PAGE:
National Employment Perspective | Focus on Remote Work

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Shook, Hardy & Bacon L.L.P.

The Department of Labor’s Wage and Hour Division recently released a Field Assistance Bulletin (FAB) addressing employers’ obligations to calculate and pay their employees working remotely. This FAB speaks directly to employers and, while not offering much new information, helps apply longstanding Fair Labor Standards Act provisions to an evolving work environment.

The FAB has one overriding message: An employer must pay for all hours worked that it knows or has reason to believe were performed. For statutory support, the Wage and Hour Division points toward 29 U.S.C. § 203(g), which defines “employ” as “to suffer or permit to work.” Regulations and case law further refine the phrase “to suffer or permit” as contemplating any work performed with an employer’s knowledge, be that actual or constructive knowledge.

In practice, what this means for employers is that any time the employer knows or should know that its employee performed work, the employer must pay for that time. This time includes work performed remotely. Of course, this has long been the law, but the new aspects of expanded remote working conditions merit this emphasis and guidance.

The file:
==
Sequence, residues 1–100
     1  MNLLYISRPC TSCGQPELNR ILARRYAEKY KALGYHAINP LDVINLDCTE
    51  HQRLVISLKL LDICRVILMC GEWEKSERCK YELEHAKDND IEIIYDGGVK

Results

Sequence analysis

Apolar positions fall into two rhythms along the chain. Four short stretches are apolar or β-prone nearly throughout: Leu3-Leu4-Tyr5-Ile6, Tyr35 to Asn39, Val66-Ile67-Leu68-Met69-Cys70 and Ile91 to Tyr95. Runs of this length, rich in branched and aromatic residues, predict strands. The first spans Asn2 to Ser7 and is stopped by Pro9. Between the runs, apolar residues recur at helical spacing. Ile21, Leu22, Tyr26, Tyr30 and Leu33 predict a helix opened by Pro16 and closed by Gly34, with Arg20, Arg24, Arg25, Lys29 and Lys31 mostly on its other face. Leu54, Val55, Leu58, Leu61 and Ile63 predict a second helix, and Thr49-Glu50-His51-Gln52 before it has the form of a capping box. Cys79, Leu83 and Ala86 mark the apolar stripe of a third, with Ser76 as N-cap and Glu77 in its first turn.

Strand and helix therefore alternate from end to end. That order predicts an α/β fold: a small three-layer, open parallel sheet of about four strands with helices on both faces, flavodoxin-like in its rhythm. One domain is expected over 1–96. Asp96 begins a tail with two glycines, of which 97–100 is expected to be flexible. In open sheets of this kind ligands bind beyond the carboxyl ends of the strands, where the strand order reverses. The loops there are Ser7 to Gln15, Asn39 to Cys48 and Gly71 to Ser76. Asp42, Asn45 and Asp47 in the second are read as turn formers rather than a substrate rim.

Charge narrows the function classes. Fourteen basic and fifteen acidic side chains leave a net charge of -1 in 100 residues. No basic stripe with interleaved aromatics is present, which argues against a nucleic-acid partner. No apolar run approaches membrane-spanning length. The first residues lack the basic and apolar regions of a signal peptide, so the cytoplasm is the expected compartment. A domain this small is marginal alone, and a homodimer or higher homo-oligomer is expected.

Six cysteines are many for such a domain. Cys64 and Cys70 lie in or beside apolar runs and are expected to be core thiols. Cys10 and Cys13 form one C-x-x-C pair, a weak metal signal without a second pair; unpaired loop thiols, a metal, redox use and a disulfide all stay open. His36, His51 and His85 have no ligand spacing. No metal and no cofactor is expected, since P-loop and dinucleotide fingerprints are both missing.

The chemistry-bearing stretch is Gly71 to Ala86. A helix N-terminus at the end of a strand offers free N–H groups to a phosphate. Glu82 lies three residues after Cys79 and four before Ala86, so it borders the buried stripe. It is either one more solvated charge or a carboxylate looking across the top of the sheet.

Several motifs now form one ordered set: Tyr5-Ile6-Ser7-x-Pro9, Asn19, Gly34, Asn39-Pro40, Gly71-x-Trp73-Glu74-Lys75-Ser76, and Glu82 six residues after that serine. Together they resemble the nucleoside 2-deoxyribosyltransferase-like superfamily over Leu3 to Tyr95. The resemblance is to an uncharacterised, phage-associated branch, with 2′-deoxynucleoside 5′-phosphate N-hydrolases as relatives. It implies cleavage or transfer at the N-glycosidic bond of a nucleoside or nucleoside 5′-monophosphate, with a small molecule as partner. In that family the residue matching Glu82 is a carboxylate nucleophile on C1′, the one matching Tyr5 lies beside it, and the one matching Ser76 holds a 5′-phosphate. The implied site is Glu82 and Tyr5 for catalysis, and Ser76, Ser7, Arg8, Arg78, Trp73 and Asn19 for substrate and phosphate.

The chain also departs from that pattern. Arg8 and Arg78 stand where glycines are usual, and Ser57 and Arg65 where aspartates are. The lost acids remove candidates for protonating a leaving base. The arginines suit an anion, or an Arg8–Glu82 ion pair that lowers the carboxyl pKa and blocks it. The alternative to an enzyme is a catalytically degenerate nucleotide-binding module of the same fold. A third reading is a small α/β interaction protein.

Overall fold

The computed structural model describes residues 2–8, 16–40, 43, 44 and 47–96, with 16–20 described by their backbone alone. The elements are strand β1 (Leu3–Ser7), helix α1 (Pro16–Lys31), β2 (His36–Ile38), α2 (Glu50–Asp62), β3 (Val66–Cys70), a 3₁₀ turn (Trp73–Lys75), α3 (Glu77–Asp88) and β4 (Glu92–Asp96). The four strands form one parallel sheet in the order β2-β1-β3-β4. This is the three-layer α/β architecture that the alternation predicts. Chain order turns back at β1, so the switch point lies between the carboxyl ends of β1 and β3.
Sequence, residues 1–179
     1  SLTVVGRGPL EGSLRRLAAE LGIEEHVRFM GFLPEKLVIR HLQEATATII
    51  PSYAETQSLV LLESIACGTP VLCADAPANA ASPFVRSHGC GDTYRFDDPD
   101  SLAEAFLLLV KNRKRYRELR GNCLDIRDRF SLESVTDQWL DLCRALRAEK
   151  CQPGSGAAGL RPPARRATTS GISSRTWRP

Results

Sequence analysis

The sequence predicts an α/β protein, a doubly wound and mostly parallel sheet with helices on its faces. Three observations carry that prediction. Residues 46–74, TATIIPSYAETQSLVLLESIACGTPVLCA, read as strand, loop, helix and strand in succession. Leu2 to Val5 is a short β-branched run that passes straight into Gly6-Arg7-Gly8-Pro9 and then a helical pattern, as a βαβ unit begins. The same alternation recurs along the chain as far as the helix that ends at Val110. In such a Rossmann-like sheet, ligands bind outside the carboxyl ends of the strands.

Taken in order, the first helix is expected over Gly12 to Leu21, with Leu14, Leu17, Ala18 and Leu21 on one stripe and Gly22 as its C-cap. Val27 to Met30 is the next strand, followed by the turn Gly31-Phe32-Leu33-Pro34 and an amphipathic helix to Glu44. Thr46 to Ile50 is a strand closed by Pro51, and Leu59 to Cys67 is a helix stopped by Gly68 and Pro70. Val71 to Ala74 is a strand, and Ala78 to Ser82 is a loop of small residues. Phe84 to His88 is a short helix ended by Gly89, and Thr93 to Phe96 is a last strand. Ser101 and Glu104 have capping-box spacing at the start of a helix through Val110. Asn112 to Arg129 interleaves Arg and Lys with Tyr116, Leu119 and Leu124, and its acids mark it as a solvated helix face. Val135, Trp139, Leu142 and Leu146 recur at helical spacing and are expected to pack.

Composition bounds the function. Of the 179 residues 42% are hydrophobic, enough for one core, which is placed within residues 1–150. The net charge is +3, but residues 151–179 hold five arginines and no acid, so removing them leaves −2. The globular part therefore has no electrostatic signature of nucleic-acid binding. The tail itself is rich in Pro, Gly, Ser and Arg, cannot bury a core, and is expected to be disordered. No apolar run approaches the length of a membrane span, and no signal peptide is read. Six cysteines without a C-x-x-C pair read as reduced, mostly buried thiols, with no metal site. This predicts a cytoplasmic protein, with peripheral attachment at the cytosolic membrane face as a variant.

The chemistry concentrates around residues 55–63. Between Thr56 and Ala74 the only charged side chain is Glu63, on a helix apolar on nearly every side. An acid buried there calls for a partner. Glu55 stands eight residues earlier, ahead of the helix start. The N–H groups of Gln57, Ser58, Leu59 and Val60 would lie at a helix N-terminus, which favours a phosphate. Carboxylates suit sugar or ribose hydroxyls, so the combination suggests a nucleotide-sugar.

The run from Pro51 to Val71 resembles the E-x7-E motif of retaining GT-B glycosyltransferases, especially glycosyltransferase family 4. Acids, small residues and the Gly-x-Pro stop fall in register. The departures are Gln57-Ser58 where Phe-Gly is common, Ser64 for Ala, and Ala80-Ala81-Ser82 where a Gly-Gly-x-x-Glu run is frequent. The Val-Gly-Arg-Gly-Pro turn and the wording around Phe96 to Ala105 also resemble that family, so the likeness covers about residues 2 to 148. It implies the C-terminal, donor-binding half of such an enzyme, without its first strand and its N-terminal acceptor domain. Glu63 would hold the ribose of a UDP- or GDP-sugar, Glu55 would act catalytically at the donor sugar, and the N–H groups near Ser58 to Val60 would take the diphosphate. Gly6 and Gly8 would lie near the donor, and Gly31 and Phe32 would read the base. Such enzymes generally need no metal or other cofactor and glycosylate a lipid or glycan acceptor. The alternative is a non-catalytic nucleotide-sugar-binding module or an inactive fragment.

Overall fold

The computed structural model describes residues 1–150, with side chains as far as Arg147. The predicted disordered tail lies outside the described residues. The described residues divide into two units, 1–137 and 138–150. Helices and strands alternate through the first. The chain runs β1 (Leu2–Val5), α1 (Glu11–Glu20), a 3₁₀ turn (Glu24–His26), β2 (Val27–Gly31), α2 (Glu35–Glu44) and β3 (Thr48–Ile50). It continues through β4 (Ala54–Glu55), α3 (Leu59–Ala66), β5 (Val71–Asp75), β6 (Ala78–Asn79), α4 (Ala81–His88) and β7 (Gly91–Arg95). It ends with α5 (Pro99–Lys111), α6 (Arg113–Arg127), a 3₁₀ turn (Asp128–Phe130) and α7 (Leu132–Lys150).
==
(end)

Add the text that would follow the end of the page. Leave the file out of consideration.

In the remote environment, it may not be as straightforward and relatively easy for an employer to know when its employees are working and, consequently, how much time is compensable. The Wage and Hour Division’s FAB acknowledges this concern but reminds the employer it has the burden to “exercise its control and see that the work is not performed if it does not want it to be performed.” 29 C.F.R. § 785.13.

Employers wishing to protect themselves from unauthorized or undesired work would be well served to establish scheduling and reporting procedures for remote workers. The FAB notes that “by establishing a reasonable process for an employee to report uncompensated work time,” an employer satisfies the reasonable diligence requirement for acquiring knowledge of a remote employee’s hours worked. And, while an employer must still pay for all reported work—even unauthorized reported work—“if an employee fails to report unscheduled hours worked . . . the employer is generally not required to investigate further to uncover unreported hours.” In this way, an employer can work collaboratively with its employees to accurately capture and compensate for all worked time.

DISCLAIMER: Because of the generality of this update, the information provided herein may not be applicable in all situations and should not be acted upon without specific legal advice based on particular situations.

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